0
Research Papers

Unsteady Performance of a Double Entry Turbocharger Turbine With a Comparison to Steady Flow Conditions

[+] Author and Article Information
Colin D. Copeland

Department of Mechanical Engineering, Imperial College London, London SW7 2AZ, United Kingdomc.copeland@imperial.ac.uk

Ricardo Martinez-Botas1

Department of Mechanical Engineering, Imperial College London, London SW7 2AZ, United Kingdomr.botas@imperial.ac.uk

Martin Seiler

 ABB Turbo Systems Limited, Baden CH-5401, Switzerlandmartin.a.seiler@ch.abb.com

1

Corresponding author.

J. Turbomach. 134(2), 021022 (Jun 30, 2011) (10 pages) doi:10.1115/1.4003171 History: Received February 16, 2009; Revised March 24, 2009; Published June 30, 2011; Online June 30, 2011

Circumferentially divided, double entry turbocharger turbines are designed with a dividing wall parallel to the machine axis such that each entry feeds a separate 180 deg section of the nozzle circumference prior to entry into the rotor. This allows the exhaust pulses originating from the internal combustion exhaust to be preserved. Since the turbine is fed by two separate unsteady flows, the phase difference between the exhaust pulses entering the turbine rotor will produce a momentary imbalance in the flow conditions around the periphery of the turbine rotor. This research seeks to provide new insight into the impact of unsteadiness on turbine performance. The discrepancy between the pulsed flow behavior and that predicted by a typical steady flow performance map is a central issue considered in this work. In order to assess the performance deficit attributable to unequal admission, the steady flow conditions introduced in one inlet were varied with respect to the other. The results from these tests were then compared with unsteady, in-phase and out-of-phase pulsed flows most representative of the actual engine operating condition.

Copyright © 2012 by American Society of Mechanical Engineers
Your Session has timed out. Please sign back in to continue.

References

Figures

Grahic Jump Location
Figure 1

Circumferentially divided, double-entry turbocharger turbine

Grahic Jump Location
Figure 2

Test facility layout

Grahic Jump Location
Figure 3

Steady, equal admission relative efficiency versus velocity ratio for different constant speed lines

Grahic Jump Location
Figure 4

Steady, equal admission relative mass parameter versus pressure ratio for different constant speed lines

Grahic Jump Location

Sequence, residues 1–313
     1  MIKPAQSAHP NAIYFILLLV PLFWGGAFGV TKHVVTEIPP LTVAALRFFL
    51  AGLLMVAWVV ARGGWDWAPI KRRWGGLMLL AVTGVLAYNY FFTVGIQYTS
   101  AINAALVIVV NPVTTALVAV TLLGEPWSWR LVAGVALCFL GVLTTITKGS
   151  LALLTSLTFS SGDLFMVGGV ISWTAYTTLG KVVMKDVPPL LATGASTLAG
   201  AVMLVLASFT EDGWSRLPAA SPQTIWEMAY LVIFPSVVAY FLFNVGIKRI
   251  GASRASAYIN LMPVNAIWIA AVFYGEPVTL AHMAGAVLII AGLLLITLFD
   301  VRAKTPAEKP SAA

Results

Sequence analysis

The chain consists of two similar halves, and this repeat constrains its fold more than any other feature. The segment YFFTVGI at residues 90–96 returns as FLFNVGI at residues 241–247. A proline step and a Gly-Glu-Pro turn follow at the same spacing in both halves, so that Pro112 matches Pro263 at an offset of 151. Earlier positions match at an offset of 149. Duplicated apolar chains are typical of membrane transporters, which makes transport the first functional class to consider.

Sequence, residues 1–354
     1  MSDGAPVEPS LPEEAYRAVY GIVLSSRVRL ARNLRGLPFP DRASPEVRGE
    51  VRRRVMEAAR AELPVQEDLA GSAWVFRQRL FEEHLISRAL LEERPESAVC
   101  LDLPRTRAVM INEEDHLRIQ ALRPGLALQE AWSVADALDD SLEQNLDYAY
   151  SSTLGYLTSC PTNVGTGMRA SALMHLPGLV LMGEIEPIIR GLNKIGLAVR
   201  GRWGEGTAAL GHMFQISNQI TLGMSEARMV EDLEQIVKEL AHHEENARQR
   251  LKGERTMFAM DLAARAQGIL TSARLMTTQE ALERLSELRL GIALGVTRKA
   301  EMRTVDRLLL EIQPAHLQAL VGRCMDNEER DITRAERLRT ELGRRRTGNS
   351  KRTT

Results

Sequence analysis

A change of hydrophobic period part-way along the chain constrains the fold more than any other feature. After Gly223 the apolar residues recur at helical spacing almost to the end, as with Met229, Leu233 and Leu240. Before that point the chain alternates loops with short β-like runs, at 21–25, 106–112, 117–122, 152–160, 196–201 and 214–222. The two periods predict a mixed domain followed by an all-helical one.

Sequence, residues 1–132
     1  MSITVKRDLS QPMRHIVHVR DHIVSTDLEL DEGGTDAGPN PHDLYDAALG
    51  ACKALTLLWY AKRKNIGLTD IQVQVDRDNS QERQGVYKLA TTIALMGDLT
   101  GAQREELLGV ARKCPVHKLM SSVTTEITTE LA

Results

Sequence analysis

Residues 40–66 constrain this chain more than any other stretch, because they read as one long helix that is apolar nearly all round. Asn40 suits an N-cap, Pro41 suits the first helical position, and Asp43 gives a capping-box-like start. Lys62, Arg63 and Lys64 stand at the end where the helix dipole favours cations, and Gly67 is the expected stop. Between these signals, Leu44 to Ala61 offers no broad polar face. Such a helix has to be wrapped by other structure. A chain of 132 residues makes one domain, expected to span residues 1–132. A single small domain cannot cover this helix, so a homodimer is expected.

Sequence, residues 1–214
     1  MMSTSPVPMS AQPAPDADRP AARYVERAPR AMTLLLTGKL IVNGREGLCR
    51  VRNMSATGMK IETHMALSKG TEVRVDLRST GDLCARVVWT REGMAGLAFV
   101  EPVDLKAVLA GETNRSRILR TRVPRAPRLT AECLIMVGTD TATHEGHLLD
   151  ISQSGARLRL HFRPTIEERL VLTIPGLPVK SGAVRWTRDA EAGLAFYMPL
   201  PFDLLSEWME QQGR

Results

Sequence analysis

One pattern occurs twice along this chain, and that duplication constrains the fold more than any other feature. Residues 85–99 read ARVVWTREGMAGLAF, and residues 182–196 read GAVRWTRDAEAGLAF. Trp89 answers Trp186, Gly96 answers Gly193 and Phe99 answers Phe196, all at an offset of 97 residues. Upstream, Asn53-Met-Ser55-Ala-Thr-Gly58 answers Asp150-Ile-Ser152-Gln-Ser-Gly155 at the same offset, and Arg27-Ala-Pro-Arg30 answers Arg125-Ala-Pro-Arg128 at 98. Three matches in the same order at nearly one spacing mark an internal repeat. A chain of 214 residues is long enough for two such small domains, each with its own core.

Figure 5

Performance of the turbine operating with unequal, steady flows as a percentage of peak, equal admission efficiency. Plotted against the inlet ratio of pressures.

Grahic Jump Location
Figure 6

Unequal, isentropic flow area relative to the equal admission flow area. Plotted against the inlet ratio of pressures.

Grahic Jump Location
Figure 7

Out-of-phase and in-phase absolute pressure pulses prior to nozzle (100% speed)

Grahic Jump Location
Figure 8

Comparison between cycle-averaged, unsteady and steady performances referenced to peak steady-state turbine efficiency

Grahic Jump Location
Figure 9

3D plot of steady equal and unequal relative efficiencies

Grahic Jump Location
Figure 10

Unequal, steady interpolated map. 50% and 70% unsteady traces superimposed.

Grahic Jump Location
Figure 11

Equal, steady interpolated map. 50% and 70% unsteady traces superimposed.

Grahic Jump Location
Figure 12

Unequal, steady interpolated map. 100% unsteady traces superimposed.

Grahic Jump Location
Figure 13

Equal, steady interpolated map. 100% unsteady traces superimposed.

Grahic Jump Location
Figure 14

In-phase, unsteady mass parameter versus pressure ratio: (a) 50%, 33 Hz, (b) 70%, 46 Hz, and (c) 100%, 66 Hz

Grahic Jump Location
Figure 15

Out-of-phase, unsteady mass parameter versus pressure ratio: (a) 50%, 33 Hz, (b) 70%, 46 Hz, and (c) 100%, 66 Hz

Tables

Errata

Discussions

Some tools below are only available to our subscribers or users with an online account.

Related Content

Customize your page view by dragging and repositioning the boxes below.

Related eBook Content
Topic Collections

Sorry! You do not have access to this content. For assistance or to subscribe, please contact us:

  • TELEPHONE: 1-800-843-2763 (Toll-free in the USA)
  • EMAIL: asmedigitalcollection@asme.org
Sign In